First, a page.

Multiples of 11

Every once in a while you’ll need to test a number for divisibility by 11.  Multiples of 11 can be quickly identified if the alternating sum of their digits is a multiple of 11.  This works because the consecutive powers of 10 are either one more or one less than a multiple of 11.  For example, 10 is one less than a multiple of 11, and 100 is one more than a multiple of 11, and 1000 is one less than a multiple of 11.

If you pull out these multiples of 11 from a number, then you are left with an alternating sum.  Since the sum of 2 multiples of 11 is a multiple of 11, then the alternating sum is also a multiple of 11.

This is clearer in my notes, where a, b, c, and d are the digits of a 3 and 4 digit number:IMG_20171121_141127.jpg


Trapezoid existence

Not all 3 line segments will form a triangle.  If you don’t believe me, try forming a triangle using line segments of lengths 2, 2 and 20.  The two sides of length 2 aren’t long enough to span the 3rd side.  A quick test for this is to see that each side is smaller than the combined lengths of the other 2 sides.  And that each side is greater than the difference between the other 2 sides.

This week I learned that there is also a fun test to determine whether 4 given side lengths, when assigned to be either the parallel or non-parallel sides can actually form a trapezoid.  Not all 4 side lengths in a particular orientation can form a trapezoid.  The formula seems weird, but it’s actually an extension of the triangle inequality.  Here a and b are the lengths of the parallel sides and c and d are the non-parallel sides.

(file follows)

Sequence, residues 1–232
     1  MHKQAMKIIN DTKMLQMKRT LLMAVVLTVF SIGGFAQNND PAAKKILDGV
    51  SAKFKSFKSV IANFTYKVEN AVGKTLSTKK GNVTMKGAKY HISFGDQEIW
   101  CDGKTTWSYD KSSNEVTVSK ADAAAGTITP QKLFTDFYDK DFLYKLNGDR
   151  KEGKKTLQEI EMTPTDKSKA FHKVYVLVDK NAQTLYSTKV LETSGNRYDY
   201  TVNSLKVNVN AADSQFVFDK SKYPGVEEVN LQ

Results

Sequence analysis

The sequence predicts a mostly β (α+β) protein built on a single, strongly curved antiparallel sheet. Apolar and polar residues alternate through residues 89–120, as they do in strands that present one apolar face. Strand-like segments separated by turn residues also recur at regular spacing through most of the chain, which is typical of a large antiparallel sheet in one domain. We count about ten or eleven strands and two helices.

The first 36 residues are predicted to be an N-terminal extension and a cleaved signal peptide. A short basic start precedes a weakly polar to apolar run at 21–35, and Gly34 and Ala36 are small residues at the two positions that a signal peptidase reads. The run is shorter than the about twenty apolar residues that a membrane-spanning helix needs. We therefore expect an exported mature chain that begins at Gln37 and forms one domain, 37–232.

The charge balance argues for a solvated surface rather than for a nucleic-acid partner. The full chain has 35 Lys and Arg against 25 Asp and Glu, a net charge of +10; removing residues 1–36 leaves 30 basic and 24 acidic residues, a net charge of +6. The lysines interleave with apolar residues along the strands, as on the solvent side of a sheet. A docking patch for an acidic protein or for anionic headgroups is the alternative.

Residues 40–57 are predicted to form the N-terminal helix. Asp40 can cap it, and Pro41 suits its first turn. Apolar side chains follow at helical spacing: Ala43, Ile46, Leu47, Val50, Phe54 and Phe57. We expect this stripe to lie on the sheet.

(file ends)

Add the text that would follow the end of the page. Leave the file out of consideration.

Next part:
To form the triangle, draw a line from a vertex parallel to a non-parallel side to the opposite parallel side (see below).  The triangle has side lengths b-a, c, and d.

An old AMC gives 4 side lengths of possible trapezoids, and the student must test each orientation to determine whether a trapezoid can be formed.



In the old game of Operation, the surgeon/player could earn $100 by removing Butterflies in the Stomach, an actual butterfly from the patient’s torso.   But there’s no need to feel butterflies when you see a strange operation defined for the symbol:  ¶.

I like to tell my students they can define any symbol to represent any operation they can dream up.

a \odot b = a-b+17

a \star b = -37

This AMC problem adds a bit of complexity as it’s an operation that is defined for 3 inputs.